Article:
(Photo courtesy of J. Fusco/Visit Philadelphia)
This year has so far proven to be a slow one for venture capital deals nationwide.
A new report from PACT and venture capital research firm PitchBook, found a lull in the Philly market that echoes national trends. The 12-page dossier, presented at last week’s Capital Conference says Philly’s angel and seed investments — both by size and number of deals — have slowed considerably in 2017.
Investments in the Philly area hit $1,010 billion in 2016. So far this year, that number is significantly inferior at $529 million. The angel and seed deals also shrunk. In 2016 there were 85 angel and seed deals totaling $79 million in funding. With 2017 on its last stretch, the Philly area has seen just 49 deals in the seed stage for a total of $51 million in investments, the report states.
“If Philly was going the opposite way, I’d be concerned,” said Dean Miller, PACT’s president and CEO. “The increase we’ve seen for the past 10 years is where I build the hope into. That increase is also in the seed and angel level is a big positive because it fuels the next generation of entrepreneurs.”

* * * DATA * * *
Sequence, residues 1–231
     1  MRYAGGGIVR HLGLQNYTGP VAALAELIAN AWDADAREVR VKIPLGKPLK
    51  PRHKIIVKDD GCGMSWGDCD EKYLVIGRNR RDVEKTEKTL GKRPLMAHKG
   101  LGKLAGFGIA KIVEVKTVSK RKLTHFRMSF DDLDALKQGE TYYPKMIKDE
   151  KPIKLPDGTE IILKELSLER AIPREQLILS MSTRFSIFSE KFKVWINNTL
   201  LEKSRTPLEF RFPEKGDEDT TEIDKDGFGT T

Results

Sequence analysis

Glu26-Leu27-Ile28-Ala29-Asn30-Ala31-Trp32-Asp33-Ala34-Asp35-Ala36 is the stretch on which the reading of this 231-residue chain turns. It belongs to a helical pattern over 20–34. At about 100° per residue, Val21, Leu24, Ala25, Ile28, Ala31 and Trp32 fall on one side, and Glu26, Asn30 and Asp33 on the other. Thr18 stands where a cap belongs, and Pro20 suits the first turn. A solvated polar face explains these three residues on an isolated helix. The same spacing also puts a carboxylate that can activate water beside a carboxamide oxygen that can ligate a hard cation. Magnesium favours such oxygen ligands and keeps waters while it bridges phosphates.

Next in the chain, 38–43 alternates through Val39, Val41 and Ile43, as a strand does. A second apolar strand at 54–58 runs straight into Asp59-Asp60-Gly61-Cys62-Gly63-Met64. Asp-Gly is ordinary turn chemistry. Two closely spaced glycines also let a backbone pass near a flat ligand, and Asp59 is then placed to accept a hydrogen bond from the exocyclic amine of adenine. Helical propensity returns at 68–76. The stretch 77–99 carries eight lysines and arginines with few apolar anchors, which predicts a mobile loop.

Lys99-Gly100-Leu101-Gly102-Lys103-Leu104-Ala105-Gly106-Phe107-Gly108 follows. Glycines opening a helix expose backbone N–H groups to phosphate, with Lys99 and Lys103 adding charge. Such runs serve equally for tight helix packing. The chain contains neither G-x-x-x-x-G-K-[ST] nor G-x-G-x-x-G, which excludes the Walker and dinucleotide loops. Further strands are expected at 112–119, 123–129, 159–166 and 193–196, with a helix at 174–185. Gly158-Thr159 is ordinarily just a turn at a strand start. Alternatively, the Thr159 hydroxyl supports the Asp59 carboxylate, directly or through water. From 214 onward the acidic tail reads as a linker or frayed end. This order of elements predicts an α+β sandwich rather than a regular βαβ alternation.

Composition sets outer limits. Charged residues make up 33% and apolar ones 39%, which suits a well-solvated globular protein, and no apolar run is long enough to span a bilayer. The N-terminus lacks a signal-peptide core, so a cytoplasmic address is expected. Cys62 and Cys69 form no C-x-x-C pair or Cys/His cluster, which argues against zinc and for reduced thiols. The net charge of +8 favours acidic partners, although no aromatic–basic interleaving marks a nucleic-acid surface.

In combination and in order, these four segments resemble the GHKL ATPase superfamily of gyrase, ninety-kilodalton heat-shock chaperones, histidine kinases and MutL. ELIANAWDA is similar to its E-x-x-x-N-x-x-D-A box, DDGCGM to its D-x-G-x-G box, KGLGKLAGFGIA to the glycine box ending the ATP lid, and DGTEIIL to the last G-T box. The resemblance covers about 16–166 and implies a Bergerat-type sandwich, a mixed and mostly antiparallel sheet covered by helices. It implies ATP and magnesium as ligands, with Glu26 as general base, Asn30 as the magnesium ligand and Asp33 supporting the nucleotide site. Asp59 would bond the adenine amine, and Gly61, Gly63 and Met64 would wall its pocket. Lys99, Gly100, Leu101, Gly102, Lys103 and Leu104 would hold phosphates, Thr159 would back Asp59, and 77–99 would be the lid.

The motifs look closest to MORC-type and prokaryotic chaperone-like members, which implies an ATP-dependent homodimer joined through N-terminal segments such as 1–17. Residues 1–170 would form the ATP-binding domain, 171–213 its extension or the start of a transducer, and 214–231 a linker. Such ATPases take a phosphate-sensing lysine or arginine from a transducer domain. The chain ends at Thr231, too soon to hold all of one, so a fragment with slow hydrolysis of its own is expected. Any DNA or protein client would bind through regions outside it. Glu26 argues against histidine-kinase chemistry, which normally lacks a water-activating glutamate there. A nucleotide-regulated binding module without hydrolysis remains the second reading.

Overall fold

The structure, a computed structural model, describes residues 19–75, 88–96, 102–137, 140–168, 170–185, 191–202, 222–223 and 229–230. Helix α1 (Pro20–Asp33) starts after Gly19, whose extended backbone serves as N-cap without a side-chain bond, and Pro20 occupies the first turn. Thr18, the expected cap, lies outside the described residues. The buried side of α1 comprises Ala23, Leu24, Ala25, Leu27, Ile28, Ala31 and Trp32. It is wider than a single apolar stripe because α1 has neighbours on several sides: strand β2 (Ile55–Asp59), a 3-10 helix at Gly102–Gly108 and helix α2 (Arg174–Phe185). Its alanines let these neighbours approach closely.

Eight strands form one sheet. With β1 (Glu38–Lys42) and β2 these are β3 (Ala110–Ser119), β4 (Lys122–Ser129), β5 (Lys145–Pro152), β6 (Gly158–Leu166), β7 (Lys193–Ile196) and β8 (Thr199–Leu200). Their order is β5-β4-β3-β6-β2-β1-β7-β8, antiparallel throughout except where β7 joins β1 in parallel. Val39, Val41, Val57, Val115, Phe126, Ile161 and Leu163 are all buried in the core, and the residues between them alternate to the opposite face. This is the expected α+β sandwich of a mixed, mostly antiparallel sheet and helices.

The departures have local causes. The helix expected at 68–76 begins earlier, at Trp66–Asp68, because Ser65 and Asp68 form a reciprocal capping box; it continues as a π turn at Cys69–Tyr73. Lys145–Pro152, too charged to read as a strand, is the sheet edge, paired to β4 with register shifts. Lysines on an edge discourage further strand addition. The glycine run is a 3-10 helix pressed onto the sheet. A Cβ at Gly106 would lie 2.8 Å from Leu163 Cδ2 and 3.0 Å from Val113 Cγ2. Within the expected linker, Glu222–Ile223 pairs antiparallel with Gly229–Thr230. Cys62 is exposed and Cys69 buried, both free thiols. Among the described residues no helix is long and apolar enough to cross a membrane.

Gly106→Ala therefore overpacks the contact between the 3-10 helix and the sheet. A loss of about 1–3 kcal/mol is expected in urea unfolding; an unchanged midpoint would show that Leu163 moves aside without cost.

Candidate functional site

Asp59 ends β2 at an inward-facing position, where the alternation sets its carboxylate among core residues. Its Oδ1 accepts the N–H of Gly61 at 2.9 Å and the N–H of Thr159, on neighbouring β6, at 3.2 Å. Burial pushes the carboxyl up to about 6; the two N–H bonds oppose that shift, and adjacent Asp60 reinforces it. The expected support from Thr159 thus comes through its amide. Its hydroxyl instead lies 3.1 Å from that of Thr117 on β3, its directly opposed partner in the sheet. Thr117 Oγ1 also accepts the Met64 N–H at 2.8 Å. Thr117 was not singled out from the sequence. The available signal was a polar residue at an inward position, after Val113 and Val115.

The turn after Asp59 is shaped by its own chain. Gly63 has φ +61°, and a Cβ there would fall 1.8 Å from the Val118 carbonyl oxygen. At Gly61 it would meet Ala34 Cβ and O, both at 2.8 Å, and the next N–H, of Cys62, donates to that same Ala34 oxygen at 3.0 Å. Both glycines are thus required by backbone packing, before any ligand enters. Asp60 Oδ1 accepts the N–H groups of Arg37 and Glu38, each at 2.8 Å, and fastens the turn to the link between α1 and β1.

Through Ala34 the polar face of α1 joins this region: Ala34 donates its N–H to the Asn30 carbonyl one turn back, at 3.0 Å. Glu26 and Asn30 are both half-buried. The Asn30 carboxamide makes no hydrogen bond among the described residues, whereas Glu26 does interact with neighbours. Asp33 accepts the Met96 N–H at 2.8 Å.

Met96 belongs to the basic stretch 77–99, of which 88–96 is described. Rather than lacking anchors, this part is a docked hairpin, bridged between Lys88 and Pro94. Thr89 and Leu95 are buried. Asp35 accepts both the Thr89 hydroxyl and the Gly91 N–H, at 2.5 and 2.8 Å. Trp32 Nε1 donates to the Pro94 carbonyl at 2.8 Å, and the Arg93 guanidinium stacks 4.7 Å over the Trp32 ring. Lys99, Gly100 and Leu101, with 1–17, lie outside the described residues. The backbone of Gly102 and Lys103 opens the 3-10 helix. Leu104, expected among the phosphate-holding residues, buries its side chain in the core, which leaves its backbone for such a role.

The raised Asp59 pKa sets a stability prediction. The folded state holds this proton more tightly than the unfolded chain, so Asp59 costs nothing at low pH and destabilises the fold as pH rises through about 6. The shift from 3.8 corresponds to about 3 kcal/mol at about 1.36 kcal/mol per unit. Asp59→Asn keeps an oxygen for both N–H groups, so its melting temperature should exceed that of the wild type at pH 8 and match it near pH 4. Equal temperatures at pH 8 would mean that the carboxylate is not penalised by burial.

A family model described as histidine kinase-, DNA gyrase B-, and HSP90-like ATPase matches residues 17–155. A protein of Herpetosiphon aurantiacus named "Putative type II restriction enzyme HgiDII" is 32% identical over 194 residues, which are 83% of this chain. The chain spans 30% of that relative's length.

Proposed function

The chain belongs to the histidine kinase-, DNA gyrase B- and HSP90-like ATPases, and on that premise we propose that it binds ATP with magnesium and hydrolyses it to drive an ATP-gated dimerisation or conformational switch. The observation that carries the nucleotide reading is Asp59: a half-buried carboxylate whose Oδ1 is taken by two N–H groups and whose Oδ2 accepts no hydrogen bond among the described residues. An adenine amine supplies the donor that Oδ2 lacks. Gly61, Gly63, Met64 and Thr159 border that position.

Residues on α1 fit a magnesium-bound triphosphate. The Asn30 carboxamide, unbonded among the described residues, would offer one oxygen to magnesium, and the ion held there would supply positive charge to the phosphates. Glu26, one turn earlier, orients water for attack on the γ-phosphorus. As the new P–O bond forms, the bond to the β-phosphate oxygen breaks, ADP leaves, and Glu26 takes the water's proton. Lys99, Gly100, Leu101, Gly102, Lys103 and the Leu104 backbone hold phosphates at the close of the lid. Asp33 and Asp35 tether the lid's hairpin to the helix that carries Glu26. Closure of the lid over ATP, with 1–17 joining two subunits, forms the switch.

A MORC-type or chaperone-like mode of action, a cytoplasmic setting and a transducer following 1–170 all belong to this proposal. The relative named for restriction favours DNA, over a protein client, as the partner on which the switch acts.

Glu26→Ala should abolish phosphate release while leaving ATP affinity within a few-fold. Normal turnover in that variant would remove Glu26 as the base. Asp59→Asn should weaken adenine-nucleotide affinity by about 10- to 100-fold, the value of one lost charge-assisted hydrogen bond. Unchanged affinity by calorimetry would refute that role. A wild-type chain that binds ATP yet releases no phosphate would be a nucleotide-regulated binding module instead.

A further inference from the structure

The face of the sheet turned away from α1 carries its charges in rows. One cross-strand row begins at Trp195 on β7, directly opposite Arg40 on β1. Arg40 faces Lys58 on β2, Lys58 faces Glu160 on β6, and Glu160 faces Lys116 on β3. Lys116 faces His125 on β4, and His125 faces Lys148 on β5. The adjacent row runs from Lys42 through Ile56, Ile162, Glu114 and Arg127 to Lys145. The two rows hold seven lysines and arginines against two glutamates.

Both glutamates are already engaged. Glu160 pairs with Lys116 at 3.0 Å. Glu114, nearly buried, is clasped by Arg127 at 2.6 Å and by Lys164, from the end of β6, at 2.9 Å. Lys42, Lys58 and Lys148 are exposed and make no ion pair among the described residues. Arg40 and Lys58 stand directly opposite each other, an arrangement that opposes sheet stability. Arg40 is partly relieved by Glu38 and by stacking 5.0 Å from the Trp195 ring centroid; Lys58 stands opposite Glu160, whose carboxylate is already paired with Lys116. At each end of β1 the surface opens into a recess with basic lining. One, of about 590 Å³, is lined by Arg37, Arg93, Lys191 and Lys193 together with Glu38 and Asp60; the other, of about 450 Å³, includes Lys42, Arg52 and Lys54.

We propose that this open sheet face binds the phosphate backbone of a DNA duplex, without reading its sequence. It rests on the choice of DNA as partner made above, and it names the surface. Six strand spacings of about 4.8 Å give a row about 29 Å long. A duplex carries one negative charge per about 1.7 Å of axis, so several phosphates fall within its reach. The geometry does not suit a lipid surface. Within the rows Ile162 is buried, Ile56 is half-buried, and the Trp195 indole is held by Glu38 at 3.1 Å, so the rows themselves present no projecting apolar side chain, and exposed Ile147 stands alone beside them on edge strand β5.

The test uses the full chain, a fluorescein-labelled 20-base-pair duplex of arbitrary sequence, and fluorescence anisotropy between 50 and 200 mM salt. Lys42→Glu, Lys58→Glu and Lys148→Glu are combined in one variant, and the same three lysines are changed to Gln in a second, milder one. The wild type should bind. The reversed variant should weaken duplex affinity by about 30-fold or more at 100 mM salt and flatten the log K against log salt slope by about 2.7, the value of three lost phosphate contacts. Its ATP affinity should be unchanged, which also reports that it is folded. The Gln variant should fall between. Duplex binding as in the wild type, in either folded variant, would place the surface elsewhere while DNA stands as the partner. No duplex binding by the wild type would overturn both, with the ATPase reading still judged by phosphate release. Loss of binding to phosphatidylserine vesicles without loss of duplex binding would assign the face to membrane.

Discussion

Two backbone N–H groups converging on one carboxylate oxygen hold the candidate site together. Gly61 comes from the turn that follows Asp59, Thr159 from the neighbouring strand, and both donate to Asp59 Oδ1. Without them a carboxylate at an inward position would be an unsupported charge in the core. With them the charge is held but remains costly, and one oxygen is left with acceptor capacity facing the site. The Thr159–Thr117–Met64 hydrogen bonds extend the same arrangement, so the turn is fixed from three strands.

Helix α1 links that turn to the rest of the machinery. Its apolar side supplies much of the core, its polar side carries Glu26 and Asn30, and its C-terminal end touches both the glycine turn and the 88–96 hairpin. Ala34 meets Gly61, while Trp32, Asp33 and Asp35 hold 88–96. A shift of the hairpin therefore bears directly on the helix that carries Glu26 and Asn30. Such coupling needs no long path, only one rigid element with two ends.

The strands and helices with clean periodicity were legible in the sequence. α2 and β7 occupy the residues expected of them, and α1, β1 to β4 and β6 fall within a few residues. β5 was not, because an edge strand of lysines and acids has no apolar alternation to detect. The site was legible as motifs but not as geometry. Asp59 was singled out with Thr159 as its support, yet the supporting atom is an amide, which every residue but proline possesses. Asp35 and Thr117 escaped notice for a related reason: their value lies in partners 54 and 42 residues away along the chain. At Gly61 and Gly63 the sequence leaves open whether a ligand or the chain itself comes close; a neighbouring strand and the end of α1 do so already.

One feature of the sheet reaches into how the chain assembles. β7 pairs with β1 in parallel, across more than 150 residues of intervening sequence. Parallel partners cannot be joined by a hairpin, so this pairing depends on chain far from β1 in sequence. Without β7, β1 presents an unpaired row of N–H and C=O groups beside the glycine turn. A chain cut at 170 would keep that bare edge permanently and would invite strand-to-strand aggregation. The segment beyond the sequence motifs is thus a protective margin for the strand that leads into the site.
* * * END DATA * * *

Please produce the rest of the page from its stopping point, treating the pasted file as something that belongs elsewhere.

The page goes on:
Miller said while there’s been growth in the seed and angel stages through the past few years, there’s a need to beef up capital available for traditional first institutional rounds. One solution? Seeking capital from the better funded poles like Boston and San Francisco while operating from Philly.
(This is a playbook that has been followed by a string of Philly-based companies. We’ll name just two: Sidecar, which raised an $11 million Series C in May with backing from Boston-based Ascent Capital; and Guru, which set up the next stage of its growth with a $9.3 million Series A led by San Mateo, Calif.-based Emergence Capital.)
“We don’t need to homegrow all of our capital,” Miller said.
The results of the report ring true for South Philly investor Jon Gosier.
“Either investors are fatigued of early-stage investing, or they are investing outside of the region,” said Gosier. “This comes, ironically, at a time where the quality of deal-flow in the Philadelphia region seems to be getting better. I say this based on anecdote and observation, but also the difficulties some of our own Philly-based portfolio companies have had closing.”